We must elect the Lords. Not only is it embarrassingly undemocratic for the UK to retain an appointed legislature, but according to new research from Oxford University, it could also be corrupt.
Like many people, my instincts favour reform, but in practice I think that the House of Lords is currently doing a rather better job than the House of Commons, and any reforms are likely to weaken its ability to hold the Commons to account.
According to Cameron the Tories back those workers while Labour are busy backing the shirkers. If that's really true then based on definitions and the PM's logic, Milliband is backing the Conservative Party and Cameron is far more Red than Ed for supporting the labourers. These are the people running the country remember?
Even if people agree on what is wrong in the current arrangement, they never agree on a solution. But that is no argument for accepting, yet again, a status quo which combines a hereditary basis with one of patronage and which results in a chamber which is totally unrepresentative of the population for which it is legislating.
This week's debate by MPs on reform of the House of Lords has been framed as a test for the relationship between the Conservatives and the Liberal Democrats.
Were we starting from scratch – in the wake, say, of civil war or revolution – the issue would barely qualify for the label ‘controversy’. Of course every legislator would be elected. Anybody who proposed an upper house containing appointees and a smattering of men whose great, great, great grandfathers had been royal courtiers would be dismissed out of hand.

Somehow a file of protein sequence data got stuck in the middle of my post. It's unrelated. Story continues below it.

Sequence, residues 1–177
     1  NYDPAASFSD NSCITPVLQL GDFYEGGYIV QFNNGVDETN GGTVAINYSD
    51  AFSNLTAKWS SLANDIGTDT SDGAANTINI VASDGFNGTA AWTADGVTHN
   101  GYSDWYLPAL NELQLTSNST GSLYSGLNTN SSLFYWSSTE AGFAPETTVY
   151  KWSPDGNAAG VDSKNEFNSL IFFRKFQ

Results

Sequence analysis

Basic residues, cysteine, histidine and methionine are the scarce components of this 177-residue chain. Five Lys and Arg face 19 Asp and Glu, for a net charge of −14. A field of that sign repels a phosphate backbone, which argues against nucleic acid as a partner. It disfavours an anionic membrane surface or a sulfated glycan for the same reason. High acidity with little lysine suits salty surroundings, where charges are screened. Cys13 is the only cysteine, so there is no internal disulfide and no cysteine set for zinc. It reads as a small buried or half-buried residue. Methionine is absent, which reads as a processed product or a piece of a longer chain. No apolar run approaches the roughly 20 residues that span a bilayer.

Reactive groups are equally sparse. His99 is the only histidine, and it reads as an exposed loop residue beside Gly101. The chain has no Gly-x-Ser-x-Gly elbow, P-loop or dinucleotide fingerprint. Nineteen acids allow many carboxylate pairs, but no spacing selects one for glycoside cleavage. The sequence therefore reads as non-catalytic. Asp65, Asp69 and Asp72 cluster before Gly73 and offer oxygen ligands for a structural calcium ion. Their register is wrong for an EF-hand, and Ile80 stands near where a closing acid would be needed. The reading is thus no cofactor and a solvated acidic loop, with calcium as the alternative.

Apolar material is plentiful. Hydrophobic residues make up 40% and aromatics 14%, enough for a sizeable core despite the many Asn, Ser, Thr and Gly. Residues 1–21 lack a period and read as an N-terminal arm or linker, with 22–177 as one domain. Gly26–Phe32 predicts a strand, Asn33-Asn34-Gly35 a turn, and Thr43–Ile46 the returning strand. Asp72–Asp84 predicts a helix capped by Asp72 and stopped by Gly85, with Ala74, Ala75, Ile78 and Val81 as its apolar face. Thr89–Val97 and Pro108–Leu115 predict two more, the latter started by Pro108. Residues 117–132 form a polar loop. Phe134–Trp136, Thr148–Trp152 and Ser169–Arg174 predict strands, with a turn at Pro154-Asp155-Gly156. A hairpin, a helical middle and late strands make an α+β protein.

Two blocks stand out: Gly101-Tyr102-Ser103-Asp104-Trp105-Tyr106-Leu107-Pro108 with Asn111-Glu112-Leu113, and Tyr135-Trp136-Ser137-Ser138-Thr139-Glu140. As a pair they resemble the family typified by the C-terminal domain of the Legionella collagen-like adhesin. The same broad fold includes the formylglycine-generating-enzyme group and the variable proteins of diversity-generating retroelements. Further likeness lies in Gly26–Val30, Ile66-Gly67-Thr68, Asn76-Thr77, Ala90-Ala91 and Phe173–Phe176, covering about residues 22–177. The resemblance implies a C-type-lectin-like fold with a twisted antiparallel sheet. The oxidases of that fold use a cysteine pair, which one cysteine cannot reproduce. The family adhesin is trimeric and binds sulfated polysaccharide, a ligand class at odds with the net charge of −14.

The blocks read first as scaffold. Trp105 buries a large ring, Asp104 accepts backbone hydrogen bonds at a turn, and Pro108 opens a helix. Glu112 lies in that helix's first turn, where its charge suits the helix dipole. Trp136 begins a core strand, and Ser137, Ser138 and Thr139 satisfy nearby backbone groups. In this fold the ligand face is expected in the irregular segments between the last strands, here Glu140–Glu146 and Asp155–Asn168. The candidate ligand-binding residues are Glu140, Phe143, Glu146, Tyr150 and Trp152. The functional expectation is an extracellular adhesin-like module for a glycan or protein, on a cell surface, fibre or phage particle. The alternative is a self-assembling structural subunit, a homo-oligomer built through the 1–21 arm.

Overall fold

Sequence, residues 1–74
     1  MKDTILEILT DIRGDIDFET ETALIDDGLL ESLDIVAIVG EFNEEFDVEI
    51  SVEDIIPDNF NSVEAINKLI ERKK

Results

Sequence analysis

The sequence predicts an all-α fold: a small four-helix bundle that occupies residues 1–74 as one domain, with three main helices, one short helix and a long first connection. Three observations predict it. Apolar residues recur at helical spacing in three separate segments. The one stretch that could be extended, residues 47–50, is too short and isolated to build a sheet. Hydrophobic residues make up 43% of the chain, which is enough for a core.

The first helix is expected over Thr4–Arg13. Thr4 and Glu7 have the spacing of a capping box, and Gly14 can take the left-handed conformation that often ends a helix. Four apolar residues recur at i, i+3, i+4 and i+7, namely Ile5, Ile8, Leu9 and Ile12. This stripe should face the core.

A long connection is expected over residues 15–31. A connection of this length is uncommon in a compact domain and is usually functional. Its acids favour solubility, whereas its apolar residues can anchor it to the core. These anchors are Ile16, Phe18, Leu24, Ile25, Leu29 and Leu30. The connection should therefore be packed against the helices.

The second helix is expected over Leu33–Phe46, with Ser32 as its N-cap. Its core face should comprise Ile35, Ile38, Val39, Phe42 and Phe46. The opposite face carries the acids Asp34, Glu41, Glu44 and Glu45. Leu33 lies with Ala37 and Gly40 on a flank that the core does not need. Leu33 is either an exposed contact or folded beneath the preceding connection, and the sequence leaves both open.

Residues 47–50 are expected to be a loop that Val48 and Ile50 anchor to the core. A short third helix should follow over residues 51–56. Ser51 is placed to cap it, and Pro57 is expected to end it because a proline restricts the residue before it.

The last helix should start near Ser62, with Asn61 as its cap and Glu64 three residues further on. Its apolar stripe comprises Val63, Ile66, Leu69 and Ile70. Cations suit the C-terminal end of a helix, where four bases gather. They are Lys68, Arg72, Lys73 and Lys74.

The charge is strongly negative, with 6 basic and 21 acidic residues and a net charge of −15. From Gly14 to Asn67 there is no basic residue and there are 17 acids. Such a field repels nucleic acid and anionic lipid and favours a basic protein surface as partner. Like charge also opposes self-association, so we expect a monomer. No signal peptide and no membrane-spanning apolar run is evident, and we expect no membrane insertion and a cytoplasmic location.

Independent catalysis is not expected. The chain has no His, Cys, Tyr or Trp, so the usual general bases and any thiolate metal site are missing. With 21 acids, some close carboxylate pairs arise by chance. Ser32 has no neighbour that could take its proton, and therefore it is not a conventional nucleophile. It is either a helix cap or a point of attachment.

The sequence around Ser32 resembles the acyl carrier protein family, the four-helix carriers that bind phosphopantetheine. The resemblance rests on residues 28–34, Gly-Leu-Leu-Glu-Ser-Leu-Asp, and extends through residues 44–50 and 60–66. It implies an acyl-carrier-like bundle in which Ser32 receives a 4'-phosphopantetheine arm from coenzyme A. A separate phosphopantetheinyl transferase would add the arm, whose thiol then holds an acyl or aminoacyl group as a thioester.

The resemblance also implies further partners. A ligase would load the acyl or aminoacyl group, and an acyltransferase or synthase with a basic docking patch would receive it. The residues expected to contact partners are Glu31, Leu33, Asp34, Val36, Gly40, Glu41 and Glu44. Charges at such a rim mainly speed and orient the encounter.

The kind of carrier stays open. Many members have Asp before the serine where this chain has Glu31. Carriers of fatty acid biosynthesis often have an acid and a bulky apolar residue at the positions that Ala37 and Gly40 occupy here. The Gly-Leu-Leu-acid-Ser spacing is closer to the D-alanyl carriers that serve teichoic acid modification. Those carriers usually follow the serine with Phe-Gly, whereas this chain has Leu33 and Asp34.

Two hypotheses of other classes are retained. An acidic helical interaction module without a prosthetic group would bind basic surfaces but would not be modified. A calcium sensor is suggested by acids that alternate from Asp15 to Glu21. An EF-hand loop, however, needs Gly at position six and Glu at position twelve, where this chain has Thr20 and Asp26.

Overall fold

House of Lords reform should not be an issue we should be debating on a progressive left website. Indeed, the House of Lords reform should not be an issue for discussion at all. Reforming one entire third of the executive to be composed of democratically elected representatives is not a progressive idea.
The Prime Minister's comment, on this morning's Today Programme, that there should be a referendum on House of Lords reform depressed me greatly.
Whenever I start a campaign I ask myself a simple question - what does this mean to the man in the pub? The sense that a cause must be made relevant to others is often somehow lost by the policy wonks of Westminster.